by: Jayson Derrick, Benzinga Staff Writer
Many people are questioning what role, if any, nuclear power will play in the future of the United States. SCANA Corporation SCG's subsidiary, South Carolina Electric & Gas Company, confirmedMonday it will cease construction of two new nuclear units at the V.C. Summer Nuclear Station in Jenkinsville, South Carolina.
Scana will also file a petition with the Public Service Commission of South Carolina and seek the approval for an abandonment plan. The company cited additional costs to complete the project, the uncertainty of production tax credits, the amount of anticipated guaranty settlement payments from Toshiba, and other factors in its decision to cease construction.
Also, the bankruptcy of the company's primary construction contractor, Westinghouse, eliminated any benefit of the fixed-price contract to customers, investors, and other stakeholders, Scana added.
Meanwhile, the two reactors have cost the utilities around $9 billion so far and will remain less than 40 percent built, the New York Times noted. Now that the construction is halted there are just two new nuclear units under construction across the U.S. — both of which are in Georgia.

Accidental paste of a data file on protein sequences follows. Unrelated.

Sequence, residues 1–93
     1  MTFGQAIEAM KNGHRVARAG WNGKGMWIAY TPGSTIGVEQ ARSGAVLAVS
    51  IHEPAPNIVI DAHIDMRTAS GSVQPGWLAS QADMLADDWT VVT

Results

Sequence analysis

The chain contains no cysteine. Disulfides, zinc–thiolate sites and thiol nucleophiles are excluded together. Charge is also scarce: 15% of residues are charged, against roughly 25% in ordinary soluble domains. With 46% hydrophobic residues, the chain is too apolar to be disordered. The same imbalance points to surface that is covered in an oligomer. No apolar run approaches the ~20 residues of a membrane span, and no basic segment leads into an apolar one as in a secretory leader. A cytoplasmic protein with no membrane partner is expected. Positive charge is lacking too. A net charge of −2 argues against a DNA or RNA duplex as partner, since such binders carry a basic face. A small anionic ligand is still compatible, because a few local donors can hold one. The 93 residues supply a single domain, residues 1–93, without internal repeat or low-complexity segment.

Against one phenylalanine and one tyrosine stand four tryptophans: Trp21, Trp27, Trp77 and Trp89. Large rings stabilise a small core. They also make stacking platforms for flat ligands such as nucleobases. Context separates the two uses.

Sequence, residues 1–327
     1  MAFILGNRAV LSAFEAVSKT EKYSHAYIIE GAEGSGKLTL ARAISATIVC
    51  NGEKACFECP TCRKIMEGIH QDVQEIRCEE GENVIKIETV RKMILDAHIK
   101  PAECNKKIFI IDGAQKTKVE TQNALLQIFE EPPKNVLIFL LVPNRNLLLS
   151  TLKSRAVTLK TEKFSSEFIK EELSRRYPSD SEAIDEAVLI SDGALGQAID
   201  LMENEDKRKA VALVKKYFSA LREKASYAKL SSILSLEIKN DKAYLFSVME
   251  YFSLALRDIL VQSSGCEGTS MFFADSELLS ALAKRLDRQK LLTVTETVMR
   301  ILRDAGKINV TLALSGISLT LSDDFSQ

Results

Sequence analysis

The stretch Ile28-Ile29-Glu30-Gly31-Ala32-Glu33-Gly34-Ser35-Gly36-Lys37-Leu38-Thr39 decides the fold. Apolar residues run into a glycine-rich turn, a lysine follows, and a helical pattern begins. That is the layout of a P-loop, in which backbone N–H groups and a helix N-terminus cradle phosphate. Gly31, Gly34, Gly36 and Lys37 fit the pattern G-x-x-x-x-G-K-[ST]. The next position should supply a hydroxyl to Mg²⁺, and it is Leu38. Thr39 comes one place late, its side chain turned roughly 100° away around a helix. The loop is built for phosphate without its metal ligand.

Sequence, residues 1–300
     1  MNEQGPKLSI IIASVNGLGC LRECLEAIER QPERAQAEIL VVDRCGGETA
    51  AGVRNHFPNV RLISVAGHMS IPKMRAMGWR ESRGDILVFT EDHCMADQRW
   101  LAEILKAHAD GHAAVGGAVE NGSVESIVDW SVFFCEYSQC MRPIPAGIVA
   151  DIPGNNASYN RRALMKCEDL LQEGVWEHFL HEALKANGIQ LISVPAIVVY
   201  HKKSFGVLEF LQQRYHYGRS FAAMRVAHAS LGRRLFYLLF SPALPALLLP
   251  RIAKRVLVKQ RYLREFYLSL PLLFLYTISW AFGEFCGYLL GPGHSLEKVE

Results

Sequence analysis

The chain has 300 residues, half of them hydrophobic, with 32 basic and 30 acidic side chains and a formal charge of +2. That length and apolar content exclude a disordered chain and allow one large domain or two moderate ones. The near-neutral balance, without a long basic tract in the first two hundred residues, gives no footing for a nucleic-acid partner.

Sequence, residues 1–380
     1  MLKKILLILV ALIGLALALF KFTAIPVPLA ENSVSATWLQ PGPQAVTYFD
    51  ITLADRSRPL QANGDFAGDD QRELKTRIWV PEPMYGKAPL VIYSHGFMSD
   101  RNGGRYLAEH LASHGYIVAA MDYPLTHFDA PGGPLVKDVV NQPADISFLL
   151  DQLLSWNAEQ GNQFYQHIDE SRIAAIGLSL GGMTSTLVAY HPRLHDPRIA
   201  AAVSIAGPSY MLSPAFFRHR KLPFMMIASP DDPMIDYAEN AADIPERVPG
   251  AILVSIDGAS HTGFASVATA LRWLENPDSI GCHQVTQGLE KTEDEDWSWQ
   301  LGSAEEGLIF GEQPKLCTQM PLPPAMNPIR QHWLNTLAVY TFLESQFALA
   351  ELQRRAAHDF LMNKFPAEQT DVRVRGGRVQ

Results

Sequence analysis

Unfortunately, nuclear power is considered to be clean energy since it generates no carbon dioxide emissions, the Times added. But at the same time, the costs of building nuclear power plants is large and perhaps undesirable for utilities who can stick with much cheaper natural gas plants or even smaller wind and solar farms.
At time of publication, shares of Scana were up 4.58 percent at $67.33.
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